This year, though, many parents didn’t have to worry about that decision as five local barbers corralled by Luis Rodriguez of Blade Masters, and organized by City Councillors Yamir Rodriguez and Damali Vidot, set up shop in the gym of the Boys & Girls Club on Monday for many hours and gave free haircuts to Chelsea kids just before the first day of school, kids who might otherwise go back to school not looking their very best.
“When I was going to school here in Chelsea, I didn’t have much money for a haircut, so I know what it feels like on the first day of school,” said Luis Rodriguez of Blade Masters on Everett Avenue, a 2015 Chelsea High School graduate. “I’m licensed and I can do this and I wanted to give back to these kids and to the community. I know how they feel and it feels good that I can give back by giving free haircuts. It can be tough for parents in Chelsea to pay for everything. This is one less thing, and I’m glad I can do it.”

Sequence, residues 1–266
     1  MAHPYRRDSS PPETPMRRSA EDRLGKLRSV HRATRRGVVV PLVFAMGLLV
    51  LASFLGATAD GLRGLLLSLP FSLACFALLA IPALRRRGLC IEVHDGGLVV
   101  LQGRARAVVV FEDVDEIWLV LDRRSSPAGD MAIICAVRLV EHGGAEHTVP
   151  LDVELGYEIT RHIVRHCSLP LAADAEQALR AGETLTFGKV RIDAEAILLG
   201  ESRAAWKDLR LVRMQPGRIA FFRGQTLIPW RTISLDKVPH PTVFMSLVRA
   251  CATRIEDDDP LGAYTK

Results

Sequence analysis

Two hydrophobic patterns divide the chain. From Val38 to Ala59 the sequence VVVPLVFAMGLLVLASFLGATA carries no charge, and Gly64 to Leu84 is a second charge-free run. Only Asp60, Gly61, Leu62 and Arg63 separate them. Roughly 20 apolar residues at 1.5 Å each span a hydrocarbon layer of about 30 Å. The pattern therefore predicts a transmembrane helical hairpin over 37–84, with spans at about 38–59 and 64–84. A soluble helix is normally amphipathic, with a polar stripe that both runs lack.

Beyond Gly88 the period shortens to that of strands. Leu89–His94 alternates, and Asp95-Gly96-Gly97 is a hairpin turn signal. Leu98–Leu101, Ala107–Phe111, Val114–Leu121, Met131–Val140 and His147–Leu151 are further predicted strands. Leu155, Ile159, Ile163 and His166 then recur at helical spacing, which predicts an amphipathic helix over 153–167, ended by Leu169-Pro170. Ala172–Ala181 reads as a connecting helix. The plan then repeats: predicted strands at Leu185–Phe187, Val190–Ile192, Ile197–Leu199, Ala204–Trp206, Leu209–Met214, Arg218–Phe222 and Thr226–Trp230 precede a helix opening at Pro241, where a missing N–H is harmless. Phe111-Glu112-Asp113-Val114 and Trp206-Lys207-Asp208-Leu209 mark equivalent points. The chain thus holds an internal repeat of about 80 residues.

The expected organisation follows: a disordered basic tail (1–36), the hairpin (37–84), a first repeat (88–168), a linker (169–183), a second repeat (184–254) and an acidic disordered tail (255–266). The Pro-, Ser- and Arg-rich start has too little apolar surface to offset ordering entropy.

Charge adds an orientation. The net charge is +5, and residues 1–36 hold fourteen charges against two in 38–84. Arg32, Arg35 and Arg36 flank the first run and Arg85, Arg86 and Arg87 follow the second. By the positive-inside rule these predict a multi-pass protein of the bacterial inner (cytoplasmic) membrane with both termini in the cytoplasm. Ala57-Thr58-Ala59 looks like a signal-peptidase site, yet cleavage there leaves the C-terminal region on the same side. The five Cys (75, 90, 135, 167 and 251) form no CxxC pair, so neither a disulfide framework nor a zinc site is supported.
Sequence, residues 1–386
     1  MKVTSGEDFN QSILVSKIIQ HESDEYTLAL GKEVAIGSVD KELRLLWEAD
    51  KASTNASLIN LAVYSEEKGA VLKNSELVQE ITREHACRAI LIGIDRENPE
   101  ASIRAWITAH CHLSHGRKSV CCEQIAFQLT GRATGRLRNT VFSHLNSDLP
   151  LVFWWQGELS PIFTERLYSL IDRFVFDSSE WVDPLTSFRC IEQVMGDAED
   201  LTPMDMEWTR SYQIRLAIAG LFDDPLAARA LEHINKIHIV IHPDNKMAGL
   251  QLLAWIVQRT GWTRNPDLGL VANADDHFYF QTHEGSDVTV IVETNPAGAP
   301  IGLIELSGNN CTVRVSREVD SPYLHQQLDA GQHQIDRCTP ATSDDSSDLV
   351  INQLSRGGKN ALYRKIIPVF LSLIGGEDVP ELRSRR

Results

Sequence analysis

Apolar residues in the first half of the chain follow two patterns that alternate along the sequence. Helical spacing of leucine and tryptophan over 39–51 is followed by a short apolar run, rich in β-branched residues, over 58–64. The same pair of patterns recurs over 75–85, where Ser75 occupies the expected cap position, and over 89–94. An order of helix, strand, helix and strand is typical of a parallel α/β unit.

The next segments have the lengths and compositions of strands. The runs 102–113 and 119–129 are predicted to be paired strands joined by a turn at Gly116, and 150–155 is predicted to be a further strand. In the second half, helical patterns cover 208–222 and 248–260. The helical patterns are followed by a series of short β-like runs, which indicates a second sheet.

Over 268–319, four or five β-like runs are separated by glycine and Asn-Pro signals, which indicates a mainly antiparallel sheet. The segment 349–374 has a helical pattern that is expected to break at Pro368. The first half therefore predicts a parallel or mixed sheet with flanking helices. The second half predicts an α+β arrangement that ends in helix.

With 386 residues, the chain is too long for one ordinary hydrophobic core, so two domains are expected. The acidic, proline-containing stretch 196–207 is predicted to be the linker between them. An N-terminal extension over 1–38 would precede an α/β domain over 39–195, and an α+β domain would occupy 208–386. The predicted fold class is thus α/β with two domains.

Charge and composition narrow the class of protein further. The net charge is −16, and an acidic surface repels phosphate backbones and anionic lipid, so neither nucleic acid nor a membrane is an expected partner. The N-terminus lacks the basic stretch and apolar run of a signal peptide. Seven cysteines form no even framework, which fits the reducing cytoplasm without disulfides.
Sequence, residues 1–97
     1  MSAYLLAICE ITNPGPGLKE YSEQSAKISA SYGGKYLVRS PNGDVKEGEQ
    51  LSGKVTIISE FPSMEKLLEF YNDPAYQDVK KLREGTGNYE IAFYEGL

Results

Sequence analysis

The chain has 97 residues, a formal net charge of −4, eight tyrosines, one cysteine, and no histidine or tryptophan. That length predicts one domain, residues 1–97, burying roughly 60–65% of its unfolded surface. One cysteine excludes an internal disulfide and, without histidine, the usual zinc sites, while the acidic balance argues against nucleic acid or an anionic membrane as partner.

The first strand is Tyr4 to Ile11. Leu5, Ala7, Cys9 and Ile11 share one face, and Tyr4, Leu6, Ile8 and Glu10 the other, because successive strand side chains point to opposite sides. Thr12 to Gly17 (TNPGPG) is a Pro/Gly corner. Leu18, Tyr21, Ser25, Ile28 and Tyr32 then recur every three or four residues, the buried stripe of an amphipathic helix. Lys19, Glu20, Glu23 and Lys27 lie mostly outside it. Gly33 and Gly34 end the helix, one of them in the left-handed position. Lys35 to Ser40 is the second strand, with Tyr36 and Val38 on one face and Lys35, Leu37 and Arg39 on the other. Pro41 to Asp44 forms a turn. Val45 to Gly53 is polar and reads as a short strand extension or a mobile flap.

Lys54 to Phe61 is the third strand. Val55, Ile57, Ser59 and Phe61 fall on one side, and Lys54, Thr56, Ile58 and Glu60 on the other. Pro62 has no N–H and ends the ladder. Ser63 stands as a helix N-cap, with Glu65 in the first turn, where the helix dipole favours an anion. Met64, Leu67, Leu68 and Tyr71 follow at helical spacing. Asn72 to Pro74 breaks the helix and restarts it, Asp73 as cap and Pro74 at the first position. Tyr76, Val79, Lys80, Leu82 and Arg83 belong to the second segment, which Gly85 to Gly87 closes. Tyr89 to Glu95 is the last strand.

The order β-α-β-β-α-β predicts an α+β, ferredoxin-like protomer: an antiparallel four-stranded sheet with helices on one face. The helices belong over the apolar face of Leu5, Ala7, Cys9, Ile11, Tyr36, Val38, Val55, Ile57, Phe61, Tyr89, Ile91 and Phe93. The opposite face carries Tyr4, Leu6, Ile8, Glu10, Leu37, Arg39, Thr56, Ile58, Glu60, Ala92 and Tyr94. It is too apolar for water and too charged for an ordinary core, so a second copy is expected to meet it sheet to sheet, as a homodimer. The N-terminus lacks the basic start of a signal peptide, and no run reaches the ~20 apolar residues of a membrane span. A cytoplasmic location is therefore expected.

Councillor Rodriguez said Luis Rodriguez had been a student at Chelsea High School when he was coaching on the basketball team. The two got to know each other well back then, and last spring, Luis Rodriguez said he wanted to do free haircuts.
“He wanted to give back somehow and had this idea to give free haircuts before school started,” said Councillor Rodriguez. “I told him it was a great idea and we got on the phone and got a couple of barbers to join us and help out. We always talked about helping out in the city and this was one very good way…It’s something Luis can do and it’s something that we know some kids cannot afford.”